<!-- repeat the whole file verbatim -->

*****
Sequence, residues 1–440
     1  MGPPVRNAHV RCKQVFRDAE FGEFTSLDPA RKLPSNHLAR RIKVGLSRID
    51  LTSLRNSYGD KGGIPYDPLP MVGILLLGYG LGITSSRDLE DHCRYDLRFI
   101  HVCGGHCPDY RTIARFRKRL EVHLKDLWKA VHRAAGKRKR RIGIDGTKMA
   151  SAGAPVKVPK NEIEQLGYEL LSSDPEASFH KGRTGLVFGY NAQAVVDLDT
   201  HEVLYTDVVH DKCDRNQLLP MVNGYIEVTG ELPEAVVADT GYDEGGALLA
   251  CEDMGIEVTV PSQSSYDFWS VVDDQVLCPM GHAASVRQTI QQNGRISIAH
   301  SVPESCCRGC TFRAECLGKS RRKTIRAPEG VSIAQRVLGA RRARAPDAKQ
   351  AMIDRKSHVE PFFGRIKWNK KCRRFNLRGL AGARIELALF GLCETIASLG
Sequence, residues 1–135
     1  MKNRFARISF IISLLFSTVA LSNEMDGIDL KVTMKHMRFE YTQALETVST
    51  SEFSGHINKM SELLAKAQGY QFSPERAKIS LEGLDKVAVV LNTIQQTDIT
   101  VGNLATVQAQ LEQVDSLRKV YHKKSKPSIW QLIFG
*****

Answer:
Sequence, residues 1–440
     1  MGPPVRNAHV RCKQVFRDAE FGEFTSLDPA RKLPSNHLAR RIKVGLSRID
    51  LTSLRNSYGD KGGIPYDPLP MVGILLLGYG LGITSSRDLE DHCRYDLRFI
   101  HVCGGHCPDY RTIARFRKRL EVHLKDLWKA VHRAAGKRKR RIGIDGTKMA
   151  SAGAPVKVPK NEIEQLGYEL LSSDPEASFH KGRTGLVFGY NAQAVVDLDT
   201  HEVLYTDVVH DKCDRNQLLP MVNGYIEVTG ELPEAVVADT GYDEGGALLA
   251  CEDMGIEVTV PSQSSYDFWS VVDDQVLCPM GHAASVRQTI QQNGRISIAH
   301  SVPESCCRGC TFRAECLGKS RRKTIRAPEG VSIAQRVLGA RRARAPDAKQ
   351  AMIDRKSHVE PFFGRIKWNK KCRRFNLRGL AGARIELALF GLCETIASLG
Sequence, residues 1–135
     1  MKNRFARISF IISLLFSTVA LSNEMDGIDL KVTMKHMRFE YTQALETVST
    51  SEFSGHINKM SELLAKAQGY QFSPERAKIS LEGLDKVAVV LNTIQQTDIT
   101  VGNLATVQAQ LEQVDSLRKV YHKKSKPSIW QLIFG